Yes, I think it is. I absolutely agree with you that it's very difficult, and that's going back to the role of the commissioner and the role of civil service and others in terms of supporting that process. That is not an easy set of challenges to balance, and you need good data. There is data in the future trends report. There is very good data in the state of natural resources report, and the trends of what is happening over time, and what's likely to happen with increased population or whatever. And the whole point of that future trends report was a very important part of the future generations Act because it's saying that you actually need to help decision makers in all public bodies come up with better ways of understanding what might be the implications of what's happening. And I think that's again back to why did we talk about things like carbon impact assessment, but also impacts on, say, natural resources, because they are long-term impacts, and they're long-term—. You can model what is going to happen to these longer term. It doesn't mean you can fix the problem now, but you can actually look at what is the likely impact of this.
My concern, for example, is that the strategic impact assessment of this simply doesn't do that. It does it no more this year than it did it last year. It doesn't attempt to do it, as far as I can see. There is some general discussion about how the various bits of spend might benefit different goals, but there's not what I would call a sort of evidence base of what actually is the likely impact of this, overall or in individual bits. And it brings me back to that sustainable development principle, because one of the key things in there is that it said that integration is one of the key ways of working for that, and people are misinterpreting integration, I think, quite a lot. They take that to mean policy coherence. Integration is very specific in there. It is: what is the impact of your objective or your activity on each of the goals? So, you should be doing some kind of assessment of 'What is it I'm doing here? What am I spending here? What is the impact on each of those goals?' That's what the principle asks for, but I think most of the time—. And you can see it: there are certain bits in this budget where you can see that they've taken that approach, such as some of the bits of anti-poverty, actually, where they've tried to integrate and look across the piece about how their spend might benefit all sorts of goals. But there are also bits where, really, it's been used instead of collaboration between public services, which is a good thing, and it's another principle, but it's not integration.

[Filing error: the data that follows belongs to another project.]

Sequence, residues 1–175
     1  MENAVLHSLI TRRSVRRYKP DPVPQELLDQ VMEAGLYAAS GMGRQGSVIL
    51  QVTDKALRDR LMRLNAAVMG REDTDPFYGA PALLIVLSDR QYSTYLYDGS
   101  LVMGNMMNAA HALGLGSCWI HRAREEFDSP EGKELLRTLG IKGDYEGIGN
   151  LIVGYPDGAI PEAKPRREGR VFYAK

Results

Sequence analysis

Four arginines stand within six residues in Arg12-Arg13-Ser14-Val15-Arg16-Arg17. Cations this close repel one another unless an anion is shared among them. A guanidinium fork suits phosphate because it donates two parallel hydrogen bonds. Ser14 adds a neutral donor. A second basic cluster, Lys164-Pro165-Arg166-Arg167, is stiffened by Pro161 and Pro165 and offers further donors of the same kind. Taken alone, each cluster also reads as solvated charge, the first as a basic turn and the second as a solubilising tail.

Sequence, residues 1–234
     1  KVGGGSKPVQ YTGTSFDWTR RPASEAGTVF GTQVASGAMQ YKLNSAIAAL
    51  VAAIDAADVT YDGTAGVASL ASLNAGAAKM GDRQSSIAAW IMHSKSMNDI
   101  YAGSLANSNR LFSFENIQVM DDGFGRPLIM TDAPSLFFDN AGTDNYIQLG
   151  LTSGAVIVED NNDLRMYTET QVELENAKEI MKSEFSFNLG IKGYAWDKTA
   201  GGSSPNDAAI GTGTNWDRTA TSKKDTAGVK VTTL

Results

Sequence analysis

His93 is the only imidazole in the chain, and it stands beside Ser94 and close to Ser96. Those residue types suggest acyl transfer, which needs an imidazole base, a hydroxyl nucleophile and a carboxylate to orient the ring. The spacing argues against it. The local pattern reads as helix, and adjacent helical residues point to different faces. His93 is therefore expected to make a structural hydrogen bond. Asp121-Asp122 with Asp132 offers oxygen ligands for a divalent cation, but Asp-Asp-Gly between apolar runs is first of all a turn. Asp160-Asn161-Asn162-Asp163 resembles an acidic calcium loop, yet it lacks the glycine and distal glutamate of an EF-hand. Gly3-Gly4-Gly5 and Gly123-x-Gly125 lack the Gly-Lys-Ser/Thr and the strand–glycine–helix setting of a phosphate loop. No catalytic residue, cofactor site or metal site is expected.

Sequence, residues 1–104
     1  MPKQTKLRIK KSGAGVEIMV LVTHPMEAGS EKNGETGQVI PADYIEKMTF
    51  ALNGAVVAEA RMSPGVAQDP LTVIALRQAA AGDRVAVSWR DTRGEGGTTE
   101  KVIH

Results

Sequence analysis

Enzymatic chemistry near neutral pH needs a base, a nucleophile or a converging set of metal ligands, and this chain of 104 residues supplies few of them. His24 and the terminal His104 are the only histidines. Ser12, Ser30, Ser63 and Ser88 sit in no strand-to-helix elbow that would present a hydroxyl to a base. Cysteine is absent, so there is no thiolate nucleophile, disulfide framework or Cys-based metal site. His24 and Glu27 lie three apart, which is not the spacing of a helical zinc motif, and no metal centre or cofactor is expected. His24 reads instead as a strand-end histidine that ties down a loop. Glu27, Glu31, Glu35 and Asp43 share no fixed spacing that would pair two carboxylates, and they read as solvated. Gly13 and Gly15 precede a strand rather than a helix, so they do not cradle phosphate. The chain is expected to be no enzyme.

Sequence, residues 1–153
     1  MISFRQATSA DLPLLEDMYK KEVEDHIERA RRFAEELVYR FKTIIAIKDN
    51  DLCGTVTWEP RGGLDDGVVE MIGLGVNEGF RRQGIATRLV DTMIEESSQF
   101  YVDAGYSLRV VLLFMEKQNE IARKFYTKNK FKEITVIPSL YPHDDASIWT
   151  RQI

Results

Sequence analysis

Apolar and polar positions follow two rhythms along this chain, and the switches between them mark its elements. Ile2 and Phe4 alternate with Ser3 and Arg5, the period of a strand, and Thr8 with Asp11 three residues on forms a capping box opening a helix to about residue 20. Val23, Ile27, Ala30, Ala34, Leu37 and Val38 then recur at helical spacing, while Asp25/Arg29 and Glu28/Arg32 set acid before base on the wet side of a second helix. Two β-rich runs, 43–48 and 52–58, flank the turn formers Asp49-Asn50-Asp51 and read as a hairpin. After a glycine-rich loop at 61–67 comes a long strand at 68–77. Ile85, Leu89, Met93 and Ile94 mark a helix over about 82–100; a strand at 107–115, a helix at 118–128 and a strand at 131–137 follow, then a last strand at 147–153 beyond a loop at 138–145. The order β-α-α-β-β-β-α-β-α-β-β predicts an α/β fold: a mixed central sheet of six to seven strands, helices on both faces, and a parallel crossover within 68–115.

Could I just add—? Going back to the 'resilient Wales' goal, it makes clear that we need a biodiverse natural environment with healthy functioning ecosystems to support our wider resilience—so, economic and social and ecological resilience—and that's supported by additional duties in the environment Act. 'Prosperity for All', as Anne said, doesn't have a clear objective related to that. It does recognise in various places the importance of our natural resources to the economy, and the importance of nature and access to green spaces to health, for example, and some of that, certainly in the health section, as Anne said, is reflected in the budget narrative. But what's not clear is how that is recognised in terms of investment into the environment, in order that we benefit now, and in future generations, from having access to that. So, we're seeing the environment main expenditure group decline year on year, notwithstanding the transferred money from the waste budget. But that's at a time when the scale of investment needed is increasing, and there's a lot of emphasis—. We're seeing, as third sector bodies, that the grant money available to us is decreasing, and also the pressure on us to demonstrate how our work is integrating across various goals and contributing to different areas in order to draw down any of that money. But if the integration isn't happening via other departments, then the money's just not coming in to investing in the environment.